University of Roehampton research reveals that both regular and intermittent smoking reduces brain power
- Monday, December 14, 2020
New brain imaging research has revealed for the first time that people who only smoke cigarettes occasionally for social reasons run a similar risk as regular smokers of reducing their grey matter volume. The study was conducted by academics at the University of Roehampton, the Combined Universities Brain Imaging Centre, London, and King’s College London.
The research, which was first published in the academic journal Addiction Biology, shows that both regular and intermittent smokers show a reduction in both volume and in concentrations of important chemicals such as glutamate, in a crucial area to the front of their brains, the prefrontal cortex. Because this brain region is involved in complex thought processes, emotional regulation and the inhibition of risky behaviours, it is thought that tobacco smokers may be rendered more impulsive and prone to risk taking than non-smokers. It is believed that these changes in brain volume and function are caused predominantly by the nicotine in tobacco, but may also be due to the multitude of harmful chemicals that are also added to cigarettes by manufacturers.
Eighty-five people in the UK, with an average age of 23 years old, took part in the research, including 41 non-smokers, 24 intermittent smokers and 20 daily smokers. This is the first study ever conducted which has examined both the effects of intermittent and regular smoking on the brain. Participants were examined using MRI brain scanners to compare brain capacity differences between the three groups.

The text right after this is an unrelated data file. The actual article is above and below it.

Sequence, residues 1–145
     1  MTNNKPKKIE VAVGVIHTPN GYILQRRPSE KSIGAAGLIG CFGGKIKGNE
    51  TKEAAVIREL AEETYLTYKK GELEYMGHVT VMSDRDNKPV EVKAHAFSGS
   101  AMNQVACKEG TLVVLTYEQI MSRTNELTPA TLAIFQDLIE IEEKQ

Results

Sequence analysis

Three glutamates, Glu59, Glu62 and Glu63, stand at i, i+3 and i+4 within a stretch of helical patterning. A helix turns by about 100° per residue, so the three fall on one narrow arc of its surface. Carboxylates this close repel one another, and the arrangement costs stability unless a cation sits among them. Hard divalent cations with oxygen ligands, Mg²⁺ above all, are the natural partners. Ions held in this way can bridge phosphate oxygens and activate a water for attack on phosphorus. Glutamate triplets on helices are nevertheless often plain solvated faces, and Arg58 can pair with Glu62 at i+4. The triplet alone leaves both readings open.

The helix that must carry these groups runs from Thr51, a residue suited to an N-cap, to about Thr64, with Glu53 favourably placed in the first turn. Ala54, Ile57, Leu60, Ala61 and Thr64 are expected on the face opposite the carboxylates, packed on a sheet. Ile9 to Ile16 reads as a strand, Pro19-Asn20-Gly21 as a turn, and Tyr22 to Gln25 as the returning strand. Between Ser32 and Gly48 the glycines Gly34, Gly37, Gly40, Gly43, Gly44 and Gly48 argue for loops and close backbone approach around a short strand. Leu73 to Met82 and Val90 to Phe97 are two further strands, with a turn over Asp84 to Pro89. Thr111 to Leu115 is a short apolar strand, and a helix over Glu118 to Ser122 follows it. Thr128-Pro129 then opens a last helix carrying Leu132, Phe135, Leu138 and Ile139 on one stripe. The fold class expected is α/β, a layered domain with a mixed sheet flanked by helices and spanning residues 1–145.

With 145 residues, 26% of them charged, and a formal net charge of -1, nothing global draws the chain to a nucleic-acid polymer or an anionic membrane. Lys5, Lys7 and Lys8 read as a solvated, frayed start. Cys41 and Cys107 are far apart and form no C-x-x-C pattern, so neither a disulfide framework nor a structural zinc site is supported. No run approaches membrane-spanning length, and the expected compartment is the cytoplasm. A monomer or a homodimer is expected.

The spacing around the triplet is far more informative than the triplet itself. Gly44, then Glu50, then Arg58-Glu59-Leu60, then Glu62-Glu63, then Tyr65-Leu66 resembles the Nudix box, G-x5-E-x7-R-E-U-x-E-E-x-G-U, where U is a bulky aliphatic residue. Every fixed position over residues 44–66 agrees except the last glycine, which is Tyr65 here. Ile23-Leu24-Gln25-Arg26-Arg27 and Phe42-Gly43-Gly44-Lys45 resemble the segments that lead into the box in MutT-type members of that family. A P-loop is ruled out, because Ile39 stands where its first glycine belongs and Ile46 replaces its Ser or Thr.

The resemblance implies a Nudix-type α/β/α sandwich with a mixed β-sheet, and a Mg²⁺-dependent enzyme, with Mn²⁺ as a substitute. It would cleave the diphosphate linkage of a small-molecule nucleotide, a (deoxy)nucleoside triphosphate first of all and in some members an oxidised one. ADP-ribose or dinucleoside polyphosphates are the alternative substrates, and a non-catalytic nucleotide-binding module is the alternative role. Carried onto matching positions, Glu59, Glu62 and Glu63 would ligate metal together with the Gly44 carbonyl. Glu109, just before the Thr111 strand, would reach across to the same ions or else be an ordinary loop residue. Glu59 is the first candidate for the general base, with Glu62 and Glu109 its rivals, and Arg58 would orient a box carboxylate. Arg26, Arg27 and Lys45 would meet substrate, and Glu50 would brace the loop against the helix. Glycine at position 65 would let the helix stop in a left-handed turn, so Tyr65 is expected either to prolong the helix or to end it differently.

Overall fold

The daily smokers smoked on average 11.5 cigarettes every day for at least one year, while the intermittent smokers smoked between one to four cigarettes on at least one day per week. Of the 85 participants, 46 were male and 39 were female.
While the prevalence of daily smoking has decreased from 19.8% of the population in 2011 to roughly 14.1% of the population today* the proportion of cigarette users who smoke occasionally may be increasing as the risks of regular smoking have been widely publicised.
The research was led by Dr Paul Faulkner, Senior Lecturer, and Professor Paul Allen, both from the Department of Psychology at the University of Roehampton. Commenting on the findings, they said: “Cigarette smoking is still the largest contributor to disease and death worldwide. The findings of our research confirms for the first time that both regular and occasional smoking are associated with low volume and low concentrations of important chemicals in the front part of the brain; this may reflect the negative effects of nicotine on the human brain, but may also make them more addicted to smoking, thus creating a vicious circle.
“Intermittent smokers may think that that the risk to their health is lower than regular smokers, but when it comes to the negative effects on the brain, occasional, non-daily smoking has a very similar impact as daily cigarette use.”
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